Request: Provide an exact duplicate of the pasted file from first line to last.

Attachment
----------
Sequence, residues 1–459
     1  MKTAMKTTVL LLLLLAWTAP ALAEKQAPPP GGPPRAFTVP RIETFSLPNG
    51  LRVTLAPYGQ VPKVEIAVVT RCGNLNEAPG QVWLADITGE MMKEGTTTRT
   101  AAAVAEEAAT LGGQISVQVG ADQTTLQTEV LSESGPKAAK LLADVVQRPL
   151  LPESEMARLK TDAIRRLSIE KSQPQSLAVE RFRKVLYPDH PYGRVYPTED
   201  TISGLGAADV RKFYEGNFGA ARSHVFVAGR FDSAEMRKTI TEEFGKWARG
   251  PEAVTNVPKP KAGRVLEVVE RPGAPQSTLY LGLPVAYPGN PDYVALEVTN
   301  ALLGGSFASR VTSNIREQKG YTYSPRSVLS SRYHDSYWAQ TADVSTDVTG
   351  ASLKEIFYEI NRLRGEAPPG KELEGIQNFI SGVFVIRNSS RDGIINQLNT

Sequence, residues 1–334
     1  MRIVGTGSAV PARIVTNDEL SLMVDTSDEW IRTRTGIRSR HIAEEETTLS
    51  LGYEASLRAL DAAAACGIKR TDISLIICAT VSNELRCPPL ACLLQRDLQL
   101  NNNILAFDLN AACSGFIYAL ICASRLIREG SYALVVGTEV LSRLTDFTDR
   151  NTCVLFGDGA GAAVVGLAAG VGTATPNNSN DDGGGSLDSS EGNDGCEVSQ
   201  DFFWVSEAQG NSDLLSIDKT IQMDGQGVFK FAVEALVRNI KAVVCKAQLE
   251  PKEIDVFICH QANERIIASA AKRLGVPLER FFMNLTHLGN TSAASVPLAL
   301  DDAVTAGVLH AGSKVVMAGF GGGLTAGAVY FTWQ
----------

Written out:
Sequence, residues 1–459
     1  MKTAMKTTVL LLLLLAWTAP ALAEKQAPPP GGPPRAFTVP RIETFSLPNG
    51  LRVTLAPYGQ VPKVEIAVVT RCGNLNEAPG QVWLADITGE MMKEGTTTRT
   101  AAAVAEEAAT LGGQISVQVG ADQTTLQTEV LSESGPKAAK LLADVVQRPL
   151  LPESEMARLK TDAIRRLSIE KSQPQSLAVE RFRKVLYPDH PYGRVYPTED
   201  TISGLGAADV RKFYEGNFGA ARSHVFVAGR FDSAEMRKTI TEEFGKWARG
   251  PEAVTNVPKP KAGRVLEVVE RPGAPQSTLY LGLPVAYPGN PDYVALEVTN
   301  ALLGGSFASR VTSNIREQKG YTYSPRSVLS SRYHDSYWAQ TADVSTDVTG
   351  ASLKEIFYEI NRLRGEAPPG KELEGIQNFI SGVFVIRNSS RDGIINQLNT

Sequence, residues 1–334
     1  MRIVGTGSAV PARIVTNDEL SLMVDTSDEW IRTRTGIRSR HIAEEETTLS
    51  LGYEASLRAL DAAAACGIKR TDISLIICAT VSNELRCPPL ACLLQRDLQL
   101  NNNILAFDLN AACSGFIYAL ICASRLIREG SYALVVGTEV LSRLTDFTDR
   151  NTCVLFGDGA GAAVVGLAAG VGTATPNNSN DDGGGSLDSS EGNDGCEVSQ
   201  DFFWVSEAQG NSDLLSIDKT IQMDGQGVFK FAVEALVRNI KAVVCKAQLE
   251  PKEIDVFICH QANERIIASA AKRLGVPLER FFMNLTHLGN TSAASVPLAL
   301  DDAVTAGVLH AGSKVVMAGF GGGLTAGAVY FTWQ